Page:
Seriously though . . . I quit a number of years ago and I did it by identifying the times I most craved a cigarette. Like after a meal, or after sex, or first thing in the morning. And then I girded myself to be the most disciplined at those particular times. I absolutely refused to smoke then. As a result I didn't feel the craving as much at other times. It was pure hell. But by admitting to myself that that's exactly what it was, I could overcome it.
It's not as difficult as everyone thinks it is. I quit almost 6 weeks ago and have only had one major desire for a cigarette (just a couple days ago when I was majorly stressed & the desire passed when the stress did)
Keep this running Dale, you are gonna need all the support you can get! The first hours, days even maybe a month is carried on by willpower and common sense because it is in front of you to do battle with. Later the insidious little bastard creeps up on you unexpectedly and that is the hardest to deal with, when 'no' and 'why not' get finely balanced.
I wish you the absolute best of luck and willpower.
I gave up around 13 months, one week and 3 days ago, I still stumble a little, usually managing a few days before grabbing a quick puff of poison that now tastes disgusting and requires me to change my clothes, wash my face and brush my teeth before 'she' gets near me.
I am down from 40 per day for over 40 years to maybe 10 per week - and I am not going to stop quitting until I actually stop smoking. Do not underestimate how hard it is going to be, but don't get frightened by it - just grind it down.
If you can get by not smoking after you eat, during coffee breaks, and while you're drinking alcohol; it wont be so hard to stop. Tackle those hard things first, and after a week or two you wont have that serious urge to smoke. I never used patches or gum, but they might help you.
And sometimes when I was feeling like I was going to lose I just got even more mad at them. I took every snippet of advice. Some were good some were bad but the 'just stay in bed until the craziness passes' was good advice.
Go out and get some exercise was bad advice, at least it was for me. I think it had something to do with getting my heart rated up that made exercising a no no while going through withdrawals.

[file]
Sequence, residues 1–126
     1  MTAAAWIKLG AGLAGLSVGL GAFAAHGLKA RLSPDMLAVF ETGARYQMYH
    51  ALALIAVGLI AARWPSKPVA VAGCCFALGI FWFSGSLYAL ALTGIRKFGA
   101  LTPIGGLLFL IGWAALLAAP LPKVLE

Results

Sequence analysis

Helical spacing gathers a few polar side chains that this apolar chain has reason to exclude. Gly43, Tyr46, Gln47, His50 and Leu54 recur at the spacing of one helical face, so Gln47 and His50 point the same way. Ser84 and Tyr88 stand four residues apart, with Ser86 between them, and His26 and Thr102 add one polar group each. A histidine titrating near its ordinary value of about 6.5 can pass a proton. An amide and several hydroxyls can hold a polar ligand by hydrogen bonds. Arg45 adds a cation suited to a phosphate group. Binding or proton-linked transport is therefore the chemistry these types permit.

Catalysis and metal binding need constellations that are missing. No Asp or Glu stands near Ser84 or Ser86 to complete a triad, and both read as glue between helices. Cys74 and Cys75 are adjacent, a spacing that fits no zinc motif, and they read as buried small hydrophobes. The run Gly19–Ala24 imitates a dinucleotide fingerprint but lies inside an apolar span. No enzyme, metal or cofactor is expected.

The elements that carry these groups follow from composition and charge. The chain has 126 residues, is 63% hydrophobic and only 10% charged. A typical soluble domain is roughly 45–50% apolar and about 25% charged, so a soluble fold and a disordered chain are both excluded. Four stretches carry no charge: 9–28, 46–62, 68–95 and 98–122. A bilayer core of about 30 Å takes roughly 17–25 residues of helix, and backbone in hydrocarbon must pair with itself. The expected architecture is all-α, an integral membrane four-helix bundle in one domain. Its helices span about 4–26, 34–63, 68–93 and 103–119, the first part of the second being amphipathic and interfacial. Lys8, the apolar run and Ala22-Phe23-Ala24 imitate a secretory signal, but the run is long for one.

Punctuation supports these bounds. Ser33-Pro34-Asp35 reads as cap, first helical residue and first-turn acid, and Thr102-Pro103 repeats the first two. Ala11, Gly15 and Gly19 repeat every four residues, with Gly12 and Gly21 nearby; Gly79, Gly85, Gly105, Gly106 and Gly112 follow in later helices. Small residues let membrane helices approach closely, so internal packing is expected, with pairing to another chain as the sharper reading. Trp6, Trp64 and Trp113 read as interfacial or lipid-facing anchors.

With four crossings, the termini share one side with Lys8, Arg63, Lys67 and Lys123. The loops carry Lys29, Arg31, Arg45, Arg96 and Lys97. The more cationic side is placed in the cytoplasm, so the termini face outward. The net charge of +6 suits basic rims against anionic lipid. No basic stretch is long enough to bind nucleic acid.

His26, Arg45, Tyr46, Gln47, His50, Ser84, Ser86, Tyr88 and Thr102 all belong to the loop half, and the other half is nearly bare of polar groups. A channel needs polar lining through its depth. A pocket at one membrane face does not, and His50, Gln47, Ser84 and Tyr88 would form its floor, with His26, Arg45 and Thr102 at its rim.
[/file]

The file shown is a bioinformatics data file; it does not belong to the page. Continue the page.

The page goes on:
Anyways, if you feel like just running off at the mouth because you are feeling agitated, everyone will understand. I hope anyways.
Tough stuff, Dale. But totally with you on quitting. I watched a couple of family members get through the quitting phase, and I have a son-in-law who is trying to quit. You've got MUCHO support. Sending all the good stuff your way.
Thinking of you Dale. It's tough quitting the dreaded weed but you will feel better and will have loads more money! I quit 3 years ago, after being a committed smoker for all of my adult life. I loved smoking but I loved the way I felt after a few months of not smoking, even more. Put the money you would have spent in a jar and treat yourself to something nice each week. It's really hard quitting and you deserve a treat. In a few months time, you'll wonder why you ever started. You can do it!!!
Hang in there, man. You can do it. I kicked my tobacco habit of 17 years. Haven't looked back in the 13 years since. It's totally do-able. It sucks ass, but it's doable. Stick through it, it's TOTALLY worth it.
Wow, Dale. Grats on getting through the first day! I quit cold turkey myself 4 years ago when I found out I was pregnant. It was easy then because I had a good reason to quit. Good luck! You can do it!
So - how are you getting on Dale? In my experience, ,about now you should have started getting periods of highs and confidence interspersed with occasional black holes like a kind of depression. Whatever is happening with you hang in there - things change pretty quick
congrats, a harder milestone than a million page views!!!
If you haven't been grumpy yet then work on keeping up the wave of optimism as long as possible, the longer you have quit when any downer comes the stronger you can be. I would wish for you that it never comes but I have my doubts
The other thing I found the most help is to keep active, do more sporty type things than you did before even if it just getting out of the house for a walk a few times per day. Weight gain can be an issue, but I would worry about that when you are an established smoker who hasn't smoked for two months.
Give yourself a reason to concentrate or think of something else. Try shaving off one eyebrow. That should definitely take your mind off of it for a while. If that don't do it just force yourself into watching a marathon of Brady Bunch. Better not - that'll drive you to drink!
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